At 08:26 PM 7/22/01 -0500, Barbara wrote:
>I think you're right, Samantha. I believe we could provide a livable
>guaranteed minimum income for U.S. citizens without raising taxes if other
>public welfare programs and social security (which is not, strictly
>speaking, a welfare program) were discontinued. I'd like to look at some
>real numbers, but it's hard to tell exactly how much is being spent.
FWIW (maybe zilch), I haven't chased the following down yet, so they could
be crackpot, but a guy sent me some urls that look salient, after a local
journo, mentioned below, cited my views in The Age newspaper:
>- http://www.users.bigpond.com/putland/sixmonth.htm has material from Dr.
>Gavin Putland that closely lines up with the GNI Sue-Anne Post described,
>and also has a fair number of links to do with this whole area (he calls it
>Universal Basic Income or UBI). She might want to look at that first, if she
>hasn't already come across this sort of stuff in preparing her article.
>- http://users.netlink.com.au/~peterl/publicns.html#AFRLET2 is my own
>publications page, with a fair bit of my own work in a somewhat similar
>direction but about a year out of date. It isn't the same though - my
>approach (Negative Payroll Tax or NPT) works a bit differently at a number
>of levels, even though it works out the same in the long run.
>- http://www.faxfn.org/feedback/right/issue_03/jobs_tax.htm#23feb98a is
>material from Professor Kim Swales of Strathclyde University and his
>colleagues. You can also reach it at the part indicated by "this scheme
>would simultaneously increase employment and reduce taxation" under "Taxes
>and Jobs" via the site http://www.faxfn.org/. It has stuff that works out
>the same as my approach, only his reasoning comes at it a different way
>which is far heavier on the economics. Unfortunately there's no easy way
>around this; my way is heavy on the mathematics, though I left out just
>about all of it in my summaries.
>For now, I'd just like to mention a few points, without giving the
>supporting material for reasons of brevity:-
>- There are time scale issues on just how a GNI would work out. The thing
>is, unlike my own and Kim Swales' approach, it would have to be paid out and
>administered by the government, from funds raised elsewhere. Sue-Anne Post
>is right in thinking that eventually all the savings would pretty much pay
>for it, or maybe more (in fact, Kim Swales' work suggests a GDP improvement
>of about half the employment improvement in percentage terms, so maybe 3 or
>4%, which would boost yields of growth taxes). But all this would have to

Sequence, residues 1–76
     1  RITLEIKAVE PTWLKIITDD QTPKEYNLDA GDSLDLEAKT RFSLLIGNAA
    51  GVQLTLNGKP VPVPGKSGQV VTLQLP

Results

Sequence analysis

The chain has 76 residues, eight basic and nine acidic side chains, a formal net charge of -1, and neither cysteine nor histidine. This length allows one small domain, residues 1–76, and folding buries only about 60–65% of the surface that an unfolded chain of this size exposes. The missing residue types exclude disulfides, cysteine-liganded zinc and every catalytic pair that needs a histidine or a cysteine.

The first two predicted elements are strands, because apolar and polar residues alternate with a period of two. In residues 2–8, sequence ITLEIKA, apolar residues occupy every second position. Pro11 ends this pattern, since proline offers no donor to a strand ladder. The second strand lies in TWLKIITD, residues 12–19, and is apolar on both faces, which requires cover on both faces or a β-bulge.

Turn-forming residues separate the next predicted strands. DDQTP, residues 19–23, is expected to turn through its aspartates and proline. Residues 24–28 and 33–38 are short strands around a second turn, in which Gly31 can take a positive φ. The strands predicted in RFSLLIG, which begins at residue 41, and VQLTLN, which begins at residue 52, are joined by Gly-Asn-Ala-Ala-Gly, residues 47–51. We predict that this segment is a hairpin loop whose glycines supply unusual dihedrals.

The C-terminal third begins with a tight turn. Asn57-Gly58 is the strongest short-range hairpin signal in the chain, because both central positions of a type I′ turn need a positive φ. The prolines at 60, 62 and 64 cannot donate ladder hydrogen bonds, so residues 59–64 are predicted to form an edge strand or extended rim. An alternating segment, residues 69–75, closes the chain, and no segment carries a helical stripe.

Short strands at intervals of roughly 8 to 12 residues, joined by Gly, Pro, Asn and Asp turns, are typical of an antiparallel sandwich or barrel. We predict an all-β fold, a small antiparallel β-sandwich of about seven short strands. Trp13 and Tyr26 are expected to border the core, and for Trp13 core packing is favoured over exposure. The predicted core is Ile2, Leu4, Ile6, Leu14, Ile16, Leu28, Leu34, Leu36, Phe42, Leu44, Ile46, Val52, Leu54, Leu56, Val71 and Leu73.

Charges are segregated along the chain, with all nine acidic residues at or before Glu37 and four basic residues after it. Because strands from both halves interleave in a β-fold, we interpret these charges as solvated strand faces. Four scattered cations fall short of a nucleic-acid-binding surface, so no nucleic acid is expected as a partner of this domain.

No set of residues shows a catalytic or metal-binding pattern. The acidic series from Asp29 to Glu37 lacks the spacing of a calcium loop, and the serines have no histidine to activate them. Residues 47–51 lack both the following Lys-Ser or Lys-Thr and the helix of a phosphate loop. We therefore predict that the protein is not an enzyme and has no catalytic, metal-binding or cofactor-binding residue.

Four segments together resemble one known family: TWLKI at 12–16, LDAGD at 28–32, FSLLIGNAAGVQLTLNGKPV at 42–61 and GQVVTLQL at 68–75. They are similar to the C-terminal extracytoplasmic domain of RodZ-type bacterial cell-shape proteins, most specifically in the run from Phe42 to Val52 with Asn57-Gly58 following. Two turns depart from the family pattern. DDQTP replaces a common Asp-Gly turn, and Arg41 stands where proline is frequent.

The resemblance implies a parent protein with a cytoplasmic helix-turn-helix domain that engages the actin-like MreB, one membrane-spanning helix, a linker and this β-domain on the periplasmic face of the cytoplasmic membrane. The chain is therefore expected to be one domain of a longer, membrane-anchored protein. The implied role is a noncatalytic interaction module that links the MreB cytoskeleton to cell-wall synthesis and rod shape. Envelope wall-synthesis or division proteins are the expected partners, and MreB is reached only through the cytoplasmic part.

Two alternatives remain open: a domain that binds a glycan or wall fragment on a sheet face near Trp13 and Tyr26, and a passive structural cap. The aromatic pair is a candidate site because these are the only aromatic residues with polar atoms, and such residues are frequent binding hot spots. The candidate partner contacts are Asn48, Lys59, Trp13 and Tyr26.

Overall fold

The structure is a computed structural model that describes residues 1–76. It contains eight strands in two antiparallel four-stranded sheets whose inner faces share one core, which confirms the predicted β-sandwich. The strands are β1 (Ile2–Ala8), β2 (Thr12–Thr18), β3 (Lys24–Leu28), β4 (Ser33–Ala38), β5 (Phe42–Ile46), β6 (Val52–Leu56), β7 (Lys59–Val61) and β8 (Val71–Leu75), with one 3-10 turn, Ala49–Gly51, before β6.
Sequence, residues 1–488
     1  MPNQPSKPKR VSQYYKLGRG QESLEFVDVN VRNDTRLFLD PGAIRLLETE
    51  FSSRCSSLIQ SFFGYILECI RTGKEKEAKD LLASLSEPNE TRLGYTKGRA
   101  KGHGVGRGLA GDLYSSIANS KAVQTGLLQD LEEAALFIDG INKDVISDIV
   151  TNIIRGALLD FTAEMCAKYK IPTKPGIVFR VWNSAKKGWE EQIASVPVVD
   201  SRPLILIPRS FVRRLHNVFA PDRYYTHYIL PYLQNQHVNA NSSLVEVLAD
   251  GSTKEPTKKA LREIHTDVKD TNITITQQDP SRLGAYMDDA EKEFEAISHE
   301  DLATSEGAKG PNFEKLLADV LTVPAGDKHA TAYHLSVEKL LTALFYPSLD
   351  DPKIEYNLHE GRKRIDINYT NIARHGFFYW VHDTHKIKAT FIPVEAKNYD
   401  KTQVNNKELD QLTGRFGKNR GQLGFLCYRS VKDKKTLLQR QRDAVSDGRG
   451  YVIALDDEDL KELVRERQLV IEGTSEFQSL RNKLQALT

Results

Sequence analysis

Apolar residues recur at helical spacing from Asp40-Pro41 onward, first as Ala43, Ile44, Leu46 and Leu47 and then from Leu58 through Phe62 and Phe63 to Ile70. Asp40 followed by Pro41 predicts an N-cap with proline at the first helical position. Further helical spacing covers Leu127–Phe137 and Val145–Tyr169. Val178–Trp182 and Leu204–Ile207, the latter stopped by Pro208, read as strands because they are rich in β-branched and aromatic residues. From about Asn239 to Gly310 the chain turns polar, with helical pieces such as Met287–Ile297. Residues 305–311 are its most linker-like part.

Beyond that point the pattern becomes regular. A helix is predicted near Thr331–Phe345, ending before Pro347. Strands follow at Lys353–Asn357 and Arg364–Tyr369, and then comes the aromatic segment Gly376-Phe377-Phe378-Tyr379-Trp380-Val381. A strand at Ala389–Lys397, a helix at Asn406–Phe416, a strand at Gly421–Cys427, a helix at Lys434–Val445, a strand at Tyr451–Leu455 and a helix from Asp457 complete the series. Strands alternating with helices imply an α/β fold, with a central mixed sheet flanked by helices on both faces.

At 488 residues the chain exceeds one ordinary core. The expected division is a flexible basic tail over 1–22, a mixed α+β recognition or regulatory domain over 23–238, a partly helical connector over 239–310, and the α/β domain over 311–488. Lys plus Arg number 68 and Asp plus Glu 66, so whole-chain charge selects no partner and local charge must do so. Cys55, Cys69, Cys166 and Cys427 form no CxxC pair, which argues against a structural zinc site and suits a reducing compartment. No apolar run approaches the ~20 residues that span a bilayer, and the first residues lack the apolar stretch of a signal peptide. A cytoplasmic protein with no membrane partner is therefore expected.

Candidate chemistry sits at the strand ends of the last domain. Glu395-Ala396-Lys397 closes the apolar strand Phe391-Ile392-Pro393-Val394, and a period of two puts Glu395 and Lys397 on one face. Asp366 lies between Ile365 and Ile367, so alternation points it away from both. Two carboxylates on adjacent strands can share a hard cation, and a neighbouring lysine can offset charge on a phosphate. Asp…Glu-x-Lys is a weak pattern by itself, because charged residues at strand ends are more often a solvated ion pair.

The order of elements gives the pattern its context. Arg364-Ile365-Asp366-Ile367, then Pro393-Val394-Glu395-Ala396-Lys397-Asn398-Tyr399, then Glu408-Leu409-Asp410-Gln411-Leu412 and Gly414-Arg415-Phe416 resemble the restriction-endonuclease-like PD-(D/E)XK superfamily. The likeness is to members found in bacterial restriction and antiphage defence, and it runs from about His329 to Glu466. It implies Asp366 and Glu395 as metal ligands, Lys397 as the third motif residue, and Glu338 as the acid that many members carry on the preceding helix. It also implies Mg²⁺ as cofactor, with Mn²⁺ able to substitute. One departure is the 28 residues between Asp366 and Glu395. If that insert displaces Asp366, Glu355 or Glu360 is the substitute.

>work through, and meanwhile there would be extra administration and
>inefficiency in handling the GNI even while Social Security costs etc. were
>still in place. So improvement would be slow and would have up front costs
>during a transition. And existing deterioration wouldn't stop while we were
>waiting for things to come right from a GNI; we might not gain on our
>problems. (Not a reason to give up - just a reason to look for something
>even better while we did what we could.)
>- Whether or not a GNI eventually led to bludging and economic collapse, or
>to easier survival all round with everyone working, would depend on just
>what levels of support we reached (and also what we could do to stop the
>balance of payments blowing out and to raise our levels of saving). It turns
>out that there are three scenarios: no change to talk of, if GNI levels were
>too small; bludging and collapse if they were too high; and a middle level
>where nobody got enough GNI to live off, but where workers' and employers'
>expectations had dropped enough that there were enough low paid jobs around
>so everybody could work enough to make up at least the difference, maybe a
>bit more. But we can't tell just what that level ought to be - certainly not
>$500 per week if even a few gave up work on that; it would have to be a lot
>less than Social Security. Again, Kim Swales' work and my own finding that
>our approaches work out the same as GNI in the long run give us a clue; it
>might even work out if the levels were as low as 5% of average wages.
>- While my own NPT avoids some of these problems, both NPT and GNI need some
>kind of tax around, and if these taxes were the wrong sort like a heavy GST
>or One Nation's "Easytax" they would have to change to work in a way that
>strangled investment - not from the levels of tax, but from the way taxes
>would blow out for anyone who tried investing a bit more. In economics
>jargon, the taxes might have high marginal rates on investment. That means
>that whatever was done, the right kind of tax reform would have to come
>first or we would have to phase things in slowly enough to cope. And there
>are a lot of non-economic issues, like trusting the government to do it
>right and not let any bureaucrat put individuals on a blacklist for what
>should be standard benefits.
Good hunting, folks!
This archive was generated by hypermail 2b30 : Fri Oct 12 2001 - 14:39:54 MDT